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Container Gardening

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by Joann Jovinelly (subscribe)
I'm a freelance writer/photographer living in the East Village neighborhood of New York City.
Published March 10th 2010
Few people remember the "victory" gardens of World War II, but during that era of food rationing, Americans grew 40 percent of the nation's fruits and vegetables in an estimated 20 million backyard gardens. Being an urbanite, however, you might be at a loss for a backyard to transform, but press on. With a little investment of time and money, you too can create an urban oasis by container gardening on windowsills, rooftops, fire escapes, or any patch of green that gets adequate sunlight.

Winter is the best time to start preparing your garden, beginning with seedlings. Some prefer ordering their seeds by mail from catalogs or from websites (think heirloom tomatoes), but harvesting seeds from local farmers' markets or buying quality varieties from retail outlets is also recommended. (Be sure to check expiration dates to obtain the best results.)

Instead of starting seeds in fancy trays, try using recycled egg cartons. The cups are a perfect size to root individual groups, and if you use cardboard, the entire cup can eventually be transferred into a pot once you generously pierce the underside. If your dwelling has good window light, you can grow seeds for any number of herbs, lettuces, and other vegetables. To make more room, consider outfitting tall windows with temporary glass shelves. One large-sized apartment window can house hundreds of seedlings and small plants.

Once the seedlings are established, you'll have to transfer them to small containers. To do so, you'll also need a quality soil. New roots need room to grow, but they don't do well in tightly packed conditions, so look for brands that are a mix of soil and vermiculite, preferably for seedlings. Most quality brands also include fertilizer, which is useful for people new to gardening. If you're short on containers, comb area recycle bins for glass jars, chipped ceramics, odd coffee cups, or broken vases. Almost any container can be used if your soil mix is adequate (not too loose, not too tight) and provides drainage. Either drill a hole on the bottom for draining, or start with a layer of stones to wick the water away from roots, which reduces exposure to mold, one of the chief causes of root-rot, a condition that sounds as bad as it is. (Tip: Plantings in clear jars make excellent "experiments" for small children who can witness first hand how the plants grow from seedlings to lush greens.)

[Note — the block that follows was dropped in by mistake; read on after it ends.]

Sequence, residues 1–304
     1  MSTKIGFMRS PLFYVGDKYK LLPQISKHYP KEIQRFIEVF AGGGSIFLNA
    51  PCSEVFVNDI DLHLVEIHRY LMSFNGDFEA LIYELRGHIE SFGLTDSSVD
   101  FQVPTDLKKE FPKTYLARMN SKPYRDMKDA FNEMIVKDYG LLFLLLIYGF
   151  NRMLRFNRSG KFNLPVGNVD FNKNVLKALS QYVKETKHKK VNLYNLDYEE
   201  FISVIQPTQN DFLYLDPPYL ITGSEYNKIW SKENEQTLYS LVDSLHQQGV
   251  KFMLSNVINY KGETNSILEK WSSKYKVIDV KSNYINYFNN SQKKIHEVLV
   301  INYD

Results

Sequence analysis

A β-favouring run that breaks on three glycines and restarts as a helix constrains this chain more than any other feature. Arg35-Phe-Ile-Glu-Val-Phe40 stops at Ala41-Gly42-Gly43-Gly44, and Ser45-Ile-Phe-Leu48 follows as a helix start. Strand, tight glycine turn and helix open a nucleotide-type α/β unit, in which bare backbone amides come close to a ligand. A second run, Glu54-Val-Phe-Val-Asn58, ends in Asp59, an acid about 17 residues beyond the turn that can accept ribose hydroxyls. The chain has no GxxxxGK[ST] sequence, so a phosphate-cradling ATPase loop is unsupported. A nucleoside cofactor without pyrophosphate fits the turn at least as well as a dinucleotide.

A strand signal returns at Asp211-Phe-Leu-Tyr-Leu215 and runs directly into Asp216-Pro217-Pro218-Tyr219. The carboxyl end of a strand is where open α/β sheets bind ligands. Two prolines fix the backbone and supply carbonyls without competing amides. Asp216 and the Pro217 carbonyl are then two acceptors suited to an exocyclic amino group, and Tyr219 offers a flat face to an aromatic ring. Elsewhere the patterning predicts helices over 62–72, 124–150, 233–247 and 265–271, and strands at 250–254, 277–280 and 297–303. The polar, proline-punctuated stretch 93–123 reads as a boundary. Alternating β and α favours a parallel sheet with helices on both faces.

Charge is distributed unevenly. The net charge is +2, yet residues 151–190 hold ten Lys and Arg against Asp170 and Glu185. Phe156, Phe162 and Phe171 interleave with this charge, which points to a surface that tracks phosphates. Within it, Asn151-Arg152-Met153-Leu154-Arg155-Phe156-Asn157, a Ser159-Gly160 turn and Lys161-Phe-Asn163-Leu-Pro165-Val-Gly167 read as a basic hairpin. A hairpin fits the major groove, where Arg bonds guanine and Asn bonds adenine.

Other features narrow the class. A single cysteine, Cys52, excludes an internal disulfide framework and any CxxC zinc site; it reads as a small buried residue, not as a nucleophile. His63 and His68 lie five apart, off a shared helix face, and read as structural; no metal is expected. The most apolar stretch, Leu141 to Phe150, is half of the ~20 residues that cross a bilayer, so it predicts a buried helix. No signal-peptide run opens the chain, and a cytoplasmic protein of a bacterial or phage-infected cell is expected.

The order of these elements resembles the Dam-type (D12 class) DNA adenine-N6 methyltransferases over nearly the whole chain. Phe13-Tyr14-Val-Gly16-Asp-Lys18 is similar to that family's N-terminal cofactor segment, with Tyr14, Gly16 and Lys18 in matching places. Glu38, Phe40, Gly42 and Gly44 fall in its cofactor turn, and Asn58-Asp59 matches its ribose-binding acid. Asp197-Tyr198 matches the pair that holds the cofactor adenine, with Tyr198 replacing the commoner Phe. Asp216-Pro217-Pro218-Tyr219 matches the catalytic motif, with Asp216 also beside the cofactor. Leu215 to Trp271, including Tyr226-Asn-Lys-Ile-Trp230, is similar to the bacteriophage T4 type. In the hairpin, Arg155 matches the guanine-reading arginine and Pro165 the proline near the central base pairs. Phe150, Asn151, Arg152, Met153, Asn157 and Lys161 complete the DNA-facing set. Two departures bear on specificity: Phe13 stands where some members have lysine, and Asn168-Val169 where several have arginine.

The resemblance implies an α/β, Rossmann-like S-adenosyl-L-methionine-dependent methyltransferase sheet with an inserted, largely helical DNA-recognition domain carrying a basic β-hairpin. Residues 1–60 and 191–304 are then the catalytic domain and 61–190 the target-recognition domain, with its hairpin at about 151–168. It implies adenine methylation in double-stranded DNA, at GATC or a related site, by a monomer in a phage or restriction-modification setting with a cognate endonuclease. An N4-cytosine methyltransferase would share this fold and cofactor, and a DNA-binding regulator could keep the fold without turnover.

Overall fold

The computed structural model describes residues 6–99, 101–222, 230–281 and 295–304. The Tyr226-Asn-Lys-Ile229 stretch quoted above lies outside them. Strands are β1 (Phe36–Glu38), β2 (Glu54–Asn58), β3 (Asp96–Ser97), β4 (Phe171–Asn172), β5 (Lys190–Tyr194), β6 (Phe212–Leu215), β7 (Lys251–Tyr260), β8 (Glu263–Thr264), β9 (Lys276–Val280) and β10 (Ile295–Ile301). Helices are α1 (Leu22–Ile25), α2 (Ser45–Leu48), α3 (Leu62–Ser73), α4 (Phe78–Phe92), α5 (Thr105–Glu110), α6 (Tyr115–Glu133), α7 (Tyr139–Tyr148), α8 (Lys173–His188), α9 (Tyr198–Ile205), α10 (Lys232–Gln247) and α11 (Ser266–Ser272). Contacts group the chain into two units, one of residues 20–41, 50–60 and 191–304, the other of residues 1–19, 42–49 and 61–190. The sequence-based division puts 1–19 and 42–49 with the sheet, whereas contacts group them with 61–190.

If your rooftop is your inspiration, check first with the building's owner or management company and/or your neighbors to make sure that you're not breaking any rules about using the roof. They might have some great ideas to help, and some buildings may even qualify for tax offsets under green incentive programs. (Tip: If your landlord is less than keen about you hanging out on the roof, he or she might have a change of heart if the enterprise lowers his or her property taxes. Neighbors might also want in on the action in exchange for some fresh veggies.) For inspiration, check out local rooftop community gardens in Manhattan, Brooklyn, and Queens.

Once you have your spot in mind, measure the space and design your garden on paper, figuring out how much room you need for the yield you'd like to produce. People new to gardening will likely be more comfortable with containers (large discarded plastic buckets drilled with holes are wonderfully economical) while others will want to build raised beds, usually at least 1- to 2-feet deep. If you're game, you can try a combination of both.

Comb the neighborhood for discarded wood, old window boxes, buckets, and any other materials useful for gardening like mock stakes (for climbing plants), terra cotta pots (even broken pieces are good for lining pot bottoms), or even an old chair or bench for relaxing. The ideas are as limitless as your imagination. (Tip: Popsicle sticks or discarded balsa wood painted with chalkboard paint are terrific markers to label different plant varieties.)

New gardeners should also start with some established plants, readily available in one of New York City's farmers' markets. Start with a selection that includes some easy-to-maintain favorites, such as baby lettuces, cucumbers and squashes, onions, peppers, peas, carrots, tomatoes, herbs, and strawberries. (Before purchasing, check which vegetable varieties grow best in local conditions.) Before long, your container garden will take off, yielding enough veggies to spare without darting out to the supermarket. Better still, you'll be healthier for making the effort!


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Why? Because growing it yourself is good for you and the environment.
When: After the last frostů
Where: Wherever sunlight is abundant.
Cost: Low
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